Heart disease and stroke are the biggest killers of men, according to the Office for National Statistics (ONS) - but more women die from cancer.
The report revealed Scotland has higher deaths from both these diseases than anywhere else in the UK.
Heart and circulatory disease - which also includes disease caused by high blood pressure - is responsible for 231 deaths per 100,000 men across the UK, but stands at 267 per 100,000 in Scotland.
Cancer among women results in 159 deaths per 100,000 population across the UK, but 181 per 100,000 in Scotland, according to the ONS data.
But despite these rates, deaths from cancer have been falling in Scotland.
Figures last month showed that death rates in Scotland have fallen by 9 per cent in the last decade - down 14 per cent in men and 6 per cent in women - with improvements in diagnosis and treatment believed to be behind better survival.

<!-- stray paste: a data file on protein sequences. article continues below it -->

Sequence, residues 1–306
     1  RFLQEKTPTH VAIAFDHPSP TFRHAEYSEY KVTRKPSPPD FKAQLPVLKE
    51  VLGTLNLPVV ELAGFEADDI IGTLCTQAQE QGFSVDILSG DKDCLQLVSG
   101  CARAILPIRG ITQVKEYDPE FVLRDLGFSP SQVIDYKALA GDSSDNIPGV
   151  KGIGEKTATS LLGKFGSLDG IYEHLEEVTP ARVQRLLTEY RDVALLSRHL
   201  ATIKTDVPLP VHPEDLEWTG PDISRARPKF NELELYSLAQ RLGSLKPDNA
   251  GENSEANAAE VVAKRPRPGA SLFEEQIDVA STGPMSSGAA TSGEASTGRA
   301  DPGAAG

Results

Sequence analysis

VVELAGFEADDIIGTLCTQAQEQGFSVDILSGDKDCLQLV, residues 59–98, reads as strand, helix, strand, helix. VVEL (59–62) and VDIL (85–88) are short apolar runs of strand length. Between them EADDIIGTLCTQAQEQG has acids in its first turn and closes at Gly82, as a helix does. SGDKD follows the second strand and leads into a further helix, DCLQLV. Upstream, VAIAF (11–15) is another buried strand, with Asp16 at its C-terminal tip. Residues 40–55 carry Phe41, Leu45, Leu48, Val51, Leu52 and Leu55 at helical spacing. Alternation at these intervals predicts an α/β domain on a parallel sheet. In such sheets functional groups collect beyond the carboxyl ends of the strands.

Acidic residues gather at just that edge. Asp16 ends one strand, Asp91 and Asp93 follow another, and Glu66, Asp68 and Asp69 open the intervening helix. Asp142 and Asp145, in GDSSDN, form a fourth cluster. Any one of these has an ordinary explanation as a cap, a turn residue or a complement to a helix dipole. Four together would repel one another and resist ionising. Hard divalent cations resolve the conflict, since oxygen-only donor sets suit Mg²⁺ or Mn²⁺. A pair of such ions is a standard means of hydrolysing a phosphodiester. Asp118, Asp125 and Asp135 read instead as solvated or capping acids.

At the same time there have been falls in numbers dying from heart problems.
The ONS said comparing health in the UK with the European Union, life expectancy for men in 2008 was 77.4 years - more than a year higher than the EU average of 76.1 years.
The report also found that one in five adults in the UK smokes, with 26 per cent of men in Northern Ireland smoking (the highest proportion) and 20 per cent of men in Wales.
Among women, the highest proportion of smokers live in Scotland (24 per cent) while the lowest live in England (20 per cent). Scotland has more GPs - eight per 10,000 - than anywhere else in the UK, with Wales and Northern Ireland having 6.5 and England seven.
The British Heart Foundation (BHF) said the figures were misleading because heart disease still actually killed more people - men and women - than any other disease.
Professor Peter Weissberg, medical director at the BHF, said: "These data are based on calculation involving a notional 'standard' European population. But when actual numbers of deaths are counted in the UK, heart and circulatory disease still kills more men and women than cancer."
A Scottish Government spokeswoman said: "Health in Scotland is improving but not quickly enough. As today's statistics show, other parts of the UK are doing better in some areas and this clearly demonstrates that we can, and must, do more to help Scots live healthy lives."